Burkina Faso suffered its second coup in eight months on Friday. Lieutenant-Colonel Paul-Henri Sandoko Damiba, who came to power in late January, was removed from his post by the military.
It is the fifth such coup in West Africa since 2020, including the two in Mali and Guinea. After a day of gunfire in the presidential district of Ouagadougou, about fifteen soldiers were tired and some spoke before 8:00 p.m. (10:00 p.m. in Switzerland) on national radio and television.
“Lieutenant-Colonel Tamiba has been removed from the post of chairman of the Patriotic Movement for Protection and Reconstruction” (MPSR, the ruling body of the military junta), the soldiers said in a statement read by a captain. The new strongman of the country has been appointed as the head of the MPSR, now Captain Ibrahim Dreyre, he said.
34 year old Mr. Traore, until now, was the head of the anti-jihadist special forces unit “COBRA” in the Gaya region (north). Friday evening Mr. Tamiba’s fate is unknown.
The rulers announced the closure of the country’s land and air borders from midnight, the suspension of the constitution and the dissolution of the government and interim legislature. Curfew is also in force from 9.00 pm to 5.00 am.
Soldiers call it a “continuing deterioration of the security situation” in the country. “We have decided to take up our responsibilities driven by a single ideal, the restoration of the security and integrity of our territory,” they continued.
“Our initial common ideal has been betrayed by our leader whom we trusted. Instead of liberating the occupied territories, once peaceful areas have come under terrorist control,” they said.
When he came to power on January 24, in a televised statement read by armed men, Mr. Tamiba had promised. But these have increased manifold in recent months especially in the north.
The rulers vowed to “immediately convene the living forces of the nation” to appoint “a new president of Paso, civilian or military.” In a press release, the Economic Community of West African States (ECOWAS) – whose officials have been suspended since Burkina’s January coup – “condemned in the strongest terms the seizure of power that has just taken place”.
“This new coup is inappropriate at a time when progress (…) towards a return to constitutional order after July 1, 2024 has been made,” ECOWAS found. The European Union expressed its “concerns”, echoed by the United States, which said it was “deeply concerned” by the situation in Ouagadougou and called on its citizens to limit their movements.
“All parties must return to calm and restraint,” a State Department spokesman said. The French Foreign Ministry has asked its citizens in Ouagadougou, estimated at 4,000 to 5,000, to stay home.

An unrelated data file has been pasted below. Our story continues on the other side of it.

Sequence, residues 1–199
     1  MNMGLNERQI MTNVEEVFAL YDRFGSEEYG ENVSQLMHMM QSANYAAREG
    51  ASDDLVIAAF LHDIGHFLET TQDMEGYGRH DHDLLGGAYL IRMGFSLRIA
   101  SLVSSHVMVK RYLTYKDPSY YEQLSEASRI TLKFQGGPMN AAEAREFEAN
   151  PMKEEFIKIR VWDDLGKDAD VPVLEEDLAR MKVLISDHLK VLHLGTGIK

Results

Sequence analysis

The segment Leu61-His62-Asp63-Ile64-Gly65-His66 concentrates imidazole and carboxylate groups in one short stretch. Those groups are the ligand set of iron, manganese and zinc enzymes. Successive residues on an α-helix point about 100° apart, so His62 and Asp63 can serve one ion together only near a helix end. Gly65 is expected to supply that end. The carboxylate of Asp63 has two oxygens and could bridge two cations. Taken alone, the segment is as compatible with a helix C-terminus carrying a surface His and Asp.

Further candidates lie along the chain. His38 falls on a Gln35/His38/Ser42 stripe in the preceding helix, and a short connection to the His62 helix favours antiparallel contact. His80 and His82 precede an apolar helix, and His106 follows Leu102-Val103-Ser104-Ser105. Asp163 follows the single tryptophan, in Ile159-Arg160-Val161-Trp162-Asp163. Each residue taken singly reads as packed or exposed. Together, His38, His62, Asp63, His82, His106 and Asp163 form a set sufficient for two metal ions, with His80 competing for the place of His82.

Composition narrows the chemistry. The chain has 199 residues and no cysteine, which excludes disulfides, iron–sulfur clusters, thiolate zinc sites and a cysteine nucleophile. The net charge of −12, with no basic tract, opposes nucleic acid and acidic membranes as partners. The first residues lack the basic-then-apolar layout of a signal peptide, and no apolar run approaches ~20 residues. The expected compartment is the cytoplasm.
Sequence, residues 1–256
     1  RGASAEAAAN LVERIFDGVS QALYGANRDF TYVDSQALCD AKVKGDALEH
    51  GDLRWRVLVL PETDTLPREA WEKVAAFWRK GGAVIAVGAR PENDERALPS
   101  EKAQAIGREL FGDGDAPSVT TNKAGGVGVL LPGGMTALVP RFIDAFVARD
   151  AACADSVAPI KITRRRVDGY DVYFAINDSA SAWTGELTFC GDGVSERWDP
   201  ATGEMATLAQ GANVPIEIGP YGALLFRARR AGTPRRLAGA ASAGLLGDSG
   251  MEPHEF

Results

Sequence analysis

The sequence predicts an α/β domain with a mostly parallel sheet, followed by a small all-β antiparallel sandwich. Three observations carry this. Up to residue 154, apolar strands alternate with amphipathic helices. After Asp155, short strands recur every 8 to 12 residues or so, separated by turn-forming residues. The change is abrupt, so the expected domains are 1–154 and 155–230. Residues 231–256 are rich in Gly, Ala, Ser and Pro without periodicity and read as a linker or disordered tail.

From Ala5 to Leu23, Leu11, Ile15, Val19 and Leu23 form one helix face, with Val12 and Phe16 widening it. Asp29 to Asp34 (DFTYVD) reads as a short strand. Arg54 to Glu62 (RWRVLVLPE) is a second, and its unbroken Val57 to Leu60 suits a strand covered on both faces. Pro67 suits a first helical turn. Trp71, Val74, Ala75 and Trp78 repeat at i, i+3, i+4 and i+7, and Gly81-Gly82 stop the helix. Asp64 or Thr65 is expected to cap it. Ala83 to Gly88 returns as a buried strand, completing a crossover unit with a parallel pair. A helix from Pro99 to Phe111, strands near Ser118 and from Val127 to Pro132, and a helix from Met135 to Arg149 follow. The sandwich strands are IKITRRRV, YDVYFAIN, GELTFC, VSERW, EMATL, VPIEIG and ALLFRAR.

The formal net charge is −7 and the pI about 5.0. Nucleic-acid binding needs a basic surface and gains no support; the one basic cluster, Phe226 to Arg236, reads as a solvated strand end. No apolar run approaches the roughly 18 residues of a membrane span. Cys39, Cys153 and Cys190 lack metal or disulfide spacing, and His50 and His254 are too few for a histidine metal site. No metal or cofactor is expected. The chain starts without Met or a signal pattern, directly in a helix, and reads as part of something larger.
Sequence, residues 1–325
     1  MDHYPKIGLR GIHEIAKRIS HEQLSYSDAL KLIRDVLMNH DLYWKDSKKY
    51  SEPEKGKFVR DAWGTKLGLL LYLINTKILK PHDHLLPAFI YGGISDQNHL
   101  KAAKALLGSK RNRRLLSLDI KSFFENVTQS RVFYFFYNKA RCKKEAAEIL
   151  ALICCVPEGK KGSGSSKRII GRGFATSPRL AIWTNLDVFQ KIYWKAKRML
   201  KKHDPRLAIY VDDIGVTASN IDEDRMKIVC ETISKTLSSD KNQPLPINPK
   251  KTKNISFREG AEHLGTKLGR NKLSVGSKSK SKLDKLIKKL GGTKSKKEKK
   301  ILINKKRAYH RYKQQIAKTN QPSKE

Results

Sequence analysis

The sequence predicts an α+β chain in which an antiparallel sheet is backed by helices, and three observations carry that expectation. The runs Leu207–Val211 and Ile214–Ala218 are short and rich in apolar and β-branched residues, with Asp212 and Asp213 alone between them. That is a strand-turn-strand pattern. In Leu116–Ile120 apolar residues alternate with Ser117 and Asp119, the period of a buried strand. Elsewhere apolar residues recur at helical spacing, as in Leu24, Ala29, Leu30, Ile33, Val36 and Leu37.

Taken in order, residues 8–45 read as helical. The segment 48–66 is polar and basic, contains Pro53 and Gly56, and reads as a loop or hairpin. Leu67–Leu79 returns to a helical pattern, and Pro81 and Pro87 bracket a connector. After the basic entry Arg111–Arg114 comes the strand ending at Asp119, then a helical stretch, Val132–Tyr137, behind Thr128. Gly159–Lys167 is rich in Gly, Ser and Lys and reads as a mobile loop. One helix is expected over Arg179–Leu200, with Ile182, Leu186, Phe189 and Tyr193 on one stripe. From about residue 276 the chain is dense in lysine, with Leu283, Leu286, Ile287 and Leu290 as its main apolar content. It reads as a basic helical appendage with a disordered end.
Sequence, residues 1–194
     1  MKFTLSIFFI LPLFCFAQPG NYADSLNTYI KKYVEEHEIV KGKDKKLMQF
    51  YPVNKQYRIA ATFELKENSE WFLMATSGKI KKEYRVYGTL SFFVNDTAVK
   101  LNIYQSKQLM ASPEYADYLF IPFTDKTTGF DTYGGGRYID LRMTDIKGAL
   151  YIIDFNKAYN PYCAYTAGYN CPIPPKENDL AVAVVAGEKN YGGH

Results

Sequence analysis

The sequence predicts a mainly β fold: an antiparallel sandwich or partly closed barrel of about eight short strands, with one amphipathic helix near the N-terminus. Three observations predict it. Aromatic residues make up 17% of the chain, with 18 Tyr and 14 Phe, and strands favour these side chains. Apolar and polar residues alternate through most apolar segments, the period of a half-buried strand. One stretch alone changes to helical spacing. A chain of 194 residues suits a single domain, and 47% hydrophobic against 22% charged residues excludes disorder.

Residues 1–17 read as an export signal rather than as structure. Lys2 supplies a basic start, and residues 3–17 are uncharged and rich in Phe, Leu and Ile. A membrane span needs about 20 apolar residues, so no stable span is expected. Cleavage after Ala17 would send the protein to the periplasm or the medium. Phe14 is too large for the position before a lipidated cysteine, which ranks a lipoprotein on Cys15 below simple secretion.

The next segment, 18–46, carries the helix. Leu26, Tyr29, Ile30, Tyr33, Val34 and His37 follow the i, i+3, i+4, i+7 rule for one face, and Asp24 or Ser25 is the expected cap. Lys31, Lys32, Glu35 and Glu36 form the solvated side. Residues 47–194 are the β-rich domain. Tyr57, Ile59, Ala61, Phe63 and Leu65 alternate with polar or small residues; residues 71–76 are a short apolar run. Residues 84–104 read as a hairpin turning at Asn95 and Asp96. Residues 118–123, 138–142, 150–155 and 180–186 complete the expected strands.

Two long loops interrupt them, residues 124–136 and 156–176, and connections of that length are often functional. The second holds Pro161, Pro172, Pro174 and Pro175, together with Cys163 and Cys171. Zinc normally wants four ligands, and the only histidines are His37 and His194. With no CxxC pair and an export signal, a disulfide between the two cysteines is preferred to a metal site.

Friday was particularly tense in the Burkinabe capital, with shots heard in the early afternoon and early morning in the district where the president and military headquarters are located, according to several witnesses. Several axes of the city were blocked throughout the day by soldiers stationed at the city’s main crossroads, especially in front of the headquarters of the national television.
On Friday evening, shortly before the televised announcement, a large military force was deployed in some districts of the capital, AFP journalists noted. During the day, government spokesman Lionel Bilko referred to “a military crisis” in “claims linked to bonuses”.
In the afternoon, several hundred people, some of them waving Russian flags, gathered in the large Place de la Nation in Ouagadougou to demand military cooperation with Russia, reject the French military presence in the Sahel, and demand the departure of Lieutenant-Colonel Damiba. , the AFP journalist noted.
Moscow’s influence has grown in many French-speaking African countries in recent years, and it is not uncommon to see Russian flags at such demonstrations. In January a coup led by Lieutenant-Colonel Damiba ousted elected President Roche Marc Christian Gaboré.
But in recent months, deadly attacks that have killed dozens of civilians and soldiers have surged in the north and east, where cities are now under siege by jihadists who blow up bridges with dynamite and attack supply convoys circling the area.
Both of these convoys were attacked in September, each time being heavily outnumbered. An improvised device exploded on September 5, killing 35 civilians, including several children. Also on Monday, eleven soldiers were killed and 50 civilians missing in an attack on their convoy.
On 13 September, Lieutenant-Colonel Damiba sacked his Defense Minister. Other attacks have marked public opinion, particularly the massacre in Seitenga (North) in June, in which 86 civilians were killed.
Since 2015, a series of attacks by armed movements linked to al-Qaeda and Islamic State group jihadists, mainly in the north and east of the country, have claimed thousands of lives and displaced some two million people.
This article was published automatically. Sources: ats / afp
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